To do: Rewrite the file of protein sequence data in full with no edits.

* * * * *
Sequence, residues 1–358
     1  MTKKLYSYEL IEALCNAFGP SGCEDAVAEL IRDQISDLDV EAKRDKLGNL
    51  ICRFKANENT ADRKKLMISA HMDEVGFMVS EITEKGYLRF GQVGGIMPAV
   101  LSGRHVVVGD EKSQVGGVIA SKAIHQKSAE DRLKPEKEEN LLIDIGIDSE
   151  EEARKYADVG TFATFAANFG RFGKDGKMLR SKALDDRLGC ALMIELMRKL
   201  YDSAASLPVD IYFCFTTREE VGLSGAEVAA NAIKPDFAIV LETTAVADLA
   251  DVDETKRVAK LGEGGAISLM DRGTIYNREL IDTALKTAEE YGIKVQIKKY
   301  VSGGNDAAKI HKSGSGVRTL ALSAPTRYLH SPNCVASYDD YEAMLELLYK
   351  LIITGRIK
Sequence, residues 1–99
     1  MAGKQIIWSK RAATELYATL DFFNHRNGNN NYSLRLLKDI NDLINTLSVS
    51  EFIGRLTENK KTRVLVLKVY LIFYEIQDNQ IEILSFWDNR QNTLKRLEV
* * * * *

Sequence, residues 1–358
     1  MTKKLYSYEL IEALCNAFGP SGCEDAVAEL IRDQISDLDV EAKRDKLGNL
    51  ICRFKANENT ADRKKLMISA HMDEVGFMVS EITEKGYLRF GQVGGIMPAV
   101  LSGRHVVVGD EKSQVGGVIA SKAIHQKSAE DRLKPEKEEN LLIDIGIDSE
   151  EEARKYADVG TFATFAANFG RFGKDGKMLR SKALDDRLGC ALMIELMRKL
   201  YDSAASLPVD IYFCFTTREE VGLSGAEVAA NAIKPDFAIV LETTAVADLA
   251  DVDETKRVAK LGEGGAISLM DRGTIYNREL IDTALKTAEE YGIKVQIKKY
   301  VSGGNDAAKI HKSGSGVRTL ALSAPTRYLH SPNCVASYDD YEAMLELLYK
   351  LIITGRIK
Sequence, residues 1–99
     1  MAGKQIIWSK RAATELYATL DFFNHRNGNN NYSLRLLKDI NDLINTLSVS
    51  EFIGRLTENK KTRVLVLKVY LIFYEIQDNQ IEILSFWDNR QNTLKRLEV